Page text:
In his latest venture, Guava Island, Renaissance man, Donald Glover (aka Childish Gambino) shares the screen with Rihanna and Letitia Wright (Black Panther) to bring forth a tale of black cultural expression and the power of art. Guava Island tells the story of musician Deni (Glover) and his passion for music inspired by his muse and romantic partner Kofi (Rihanna). Through his music we witness his commitment to his lover and his community and how they create a tension with the capitalistic powers that drive the island’s economy.
Guava Island feels like every place and no place. It feels like an amalgamation of island cultures with its variance in clothing, language, and rituals with its residents speaking several forms of English and Spanish. The people of Guava struggle with their own issues of financial security with a predatory economy that exploits on working class’s labor to ultimately support the upper echelon. Nevertheless, it is a vibrant place. Everyone is looking forward to the upcoming festival seemingly organized by Deni, the beloved musician and radio DJ. In one of the beginning scenes, Deni travels through spaces greeting everyone as he makes his way to the radio station where he works playing his own original songs and singing radio adverts. Inspired by Purple Rain and City of God, Guava Island feels like an extended narrativized music video filmed in a beautiful place. Glover performs songs from his most recent album including his critically acclaimed “This is America.” These songs are woven into the narrative structure of the film and make use of the space as it extends our understanding of the characters and the importance of the music and the pending celebration on the island. Visually stunning, musically interesting, with an odd yet delightful structure, Guava Island is an intriguing watch that leaves one contemplating not just the piece itself but its overall message.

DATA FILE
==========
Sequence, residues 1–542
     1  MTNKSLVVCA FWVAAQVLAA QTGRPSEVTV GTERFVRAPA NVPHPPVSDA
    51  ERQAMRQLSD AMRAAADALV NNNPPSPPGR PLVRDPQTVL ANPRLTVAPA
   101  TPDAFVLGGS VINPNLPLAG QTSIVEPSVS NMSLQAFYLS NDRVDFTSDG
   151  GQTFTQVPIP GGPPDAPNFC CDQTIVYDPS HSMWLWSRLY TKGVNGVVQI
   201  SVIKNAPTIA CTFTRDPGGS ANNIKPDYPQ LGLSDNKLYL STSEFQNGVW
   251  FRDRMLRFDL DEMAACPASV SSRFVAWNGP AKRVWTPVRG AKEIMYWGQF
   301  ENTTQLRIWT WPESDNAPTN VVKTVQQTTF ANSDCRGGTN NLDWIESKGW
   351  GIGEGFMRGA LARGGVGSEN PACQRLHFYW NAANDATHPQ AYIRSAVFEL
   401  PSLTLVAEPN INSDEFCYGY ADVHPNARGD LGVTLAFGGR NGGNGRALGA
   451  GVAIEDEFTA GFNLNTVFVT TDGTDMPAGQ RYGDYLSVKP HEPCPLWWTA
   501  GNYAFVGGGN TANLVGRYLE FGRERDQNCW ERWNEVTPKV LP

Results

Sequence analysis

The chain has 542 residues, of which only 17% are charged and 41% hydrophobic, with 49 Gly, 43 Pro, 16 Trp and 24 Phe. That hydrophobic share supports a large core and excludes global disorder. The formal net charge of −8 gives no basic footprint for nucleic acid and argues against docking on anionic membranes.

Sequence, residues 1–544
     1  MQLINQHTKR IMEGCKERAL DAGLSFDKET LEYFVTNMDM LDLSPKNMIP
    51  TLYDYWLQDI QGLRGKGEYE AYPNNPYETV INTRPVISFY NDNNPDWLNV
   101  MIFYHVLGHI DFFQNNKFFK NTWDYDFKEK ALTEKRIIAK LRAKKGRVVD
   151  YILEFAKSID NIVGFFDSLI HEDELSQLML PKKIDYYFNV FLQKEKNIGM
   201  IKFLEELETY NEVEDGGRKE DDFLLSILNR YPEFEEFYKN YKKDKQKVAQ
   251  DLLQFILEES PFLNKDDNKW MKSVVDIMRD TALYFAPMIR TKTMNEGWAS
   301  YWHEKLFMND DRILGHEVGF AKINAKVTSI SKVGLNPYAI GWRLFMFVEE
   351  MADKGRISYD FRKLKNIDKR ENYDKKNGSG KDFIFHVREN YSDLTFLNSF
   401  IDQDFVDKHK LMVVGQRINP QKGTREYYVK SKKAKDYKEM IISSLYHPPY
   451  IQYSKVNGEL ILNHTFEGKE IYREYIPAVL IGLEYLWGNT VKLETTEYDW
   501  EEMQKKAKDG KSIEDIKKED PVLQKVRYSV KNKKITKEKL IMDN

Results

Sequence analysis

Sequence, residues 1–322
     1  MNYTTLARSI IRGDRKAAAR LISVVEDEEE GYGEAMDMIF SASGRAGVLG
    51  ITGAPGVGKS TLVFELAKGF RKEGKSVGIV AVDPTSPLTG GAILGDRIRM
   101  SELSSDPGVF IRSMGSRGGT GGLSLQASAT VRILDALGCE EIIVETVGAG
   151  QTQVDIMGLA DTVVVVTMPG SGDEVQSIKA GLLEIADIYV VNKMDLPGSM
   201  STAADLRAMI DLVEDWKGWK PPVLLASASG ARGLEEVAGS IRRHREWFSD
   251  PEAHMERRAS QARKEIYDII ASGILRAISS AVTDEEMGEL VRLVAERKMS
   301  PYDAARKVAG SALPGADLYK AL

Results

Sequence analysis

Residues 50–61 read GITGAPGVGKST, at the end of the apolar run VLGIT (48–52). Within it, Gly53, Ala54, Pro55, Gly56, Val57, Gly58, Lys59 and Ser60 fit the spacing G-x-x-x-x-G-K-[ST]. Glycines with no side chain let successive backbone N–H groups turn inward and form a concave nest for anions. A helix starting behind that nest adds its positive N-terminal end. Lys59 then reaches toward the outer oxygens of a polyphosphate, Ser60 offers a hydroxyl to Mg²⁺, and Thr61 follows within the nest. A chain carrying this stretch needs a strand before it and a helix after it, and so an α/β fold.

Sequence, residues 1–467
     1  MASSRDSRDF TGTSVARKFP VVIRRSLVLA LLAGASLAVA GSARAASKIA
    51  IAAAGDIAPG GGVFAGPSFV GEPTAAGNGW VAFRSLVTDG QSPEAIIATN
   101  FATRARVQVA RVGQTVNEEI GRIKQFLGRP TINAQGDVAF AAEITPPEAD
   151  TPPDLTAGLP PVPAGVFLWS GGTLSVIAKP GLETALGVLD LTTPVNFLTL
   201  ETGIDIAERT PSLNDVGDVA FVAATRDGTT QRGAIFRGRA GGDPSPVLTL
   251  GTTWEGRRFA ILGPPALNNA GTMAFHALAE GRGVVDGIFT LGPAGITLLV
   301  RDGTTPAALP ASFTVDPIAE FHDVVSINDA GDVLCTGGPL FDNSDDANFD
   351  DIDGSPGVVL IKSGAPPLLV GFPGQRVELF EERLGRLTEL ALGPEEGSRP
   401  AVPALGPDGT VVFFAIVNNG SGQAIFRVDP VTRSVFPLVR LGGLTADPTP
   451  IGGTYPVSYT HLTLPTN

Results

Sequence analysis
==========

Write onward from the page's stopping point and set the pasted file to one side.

In the short film, Deni is dragged to a meeting with Red, the business tyrant who controls a lot of the island. Red orders Deni to cancel the festival, concerned that people will be party late into the night and miss work the next day interfering with production and profit. While keeping mum in his presence, upon leaving Red’s office, it is clear that the musician has no intention of calling off the musical celebration. Later that night, while performing he is run offstage by a gunman who eventually catches and murders him. The next day, Red travels to his various businesses to find them completely vacant. He eventually happens upon a homegoing service complete with vivid decorations and lively music. Mourners carry Deni’s body through the streets in open casket hoisted above their shoulders as they sing and dance. Rihanna spots Red and says to him something about the people getting their day off from work anyway.
With this conflict between Deni and Red that ends in a tragedy, it appears, at the very least that Glover is making a statement about the power of art and the complicated role of the artist’s function as liberatory activists in relation to a political system founded on the bondage of its citizens. Deni pays the ultimate sacrifice and is murdered for his unwillingness to acquiesce; he chooses his commitment to his people over fear of corporations.
Watching this fictionalized story on the heels of the death of beloved rapper, entrepreneur, and community activist Nipsey Hussle, makes all too real the challenges explored by Glover in his latest work. While there are many themes Glover explores in this piece it is the question of the role of the artist in his community that seems to really resonate. Does being an artist mean having an unwavering commitment to the communities that birthed you? How do you honor that commitment while facing personal strife – even death? While posing these questions is generative in itself, if we were looking for an answer, Hussle’s life and legacy serve as a blueprint guided by an unapologetic and transformative love of and for his people.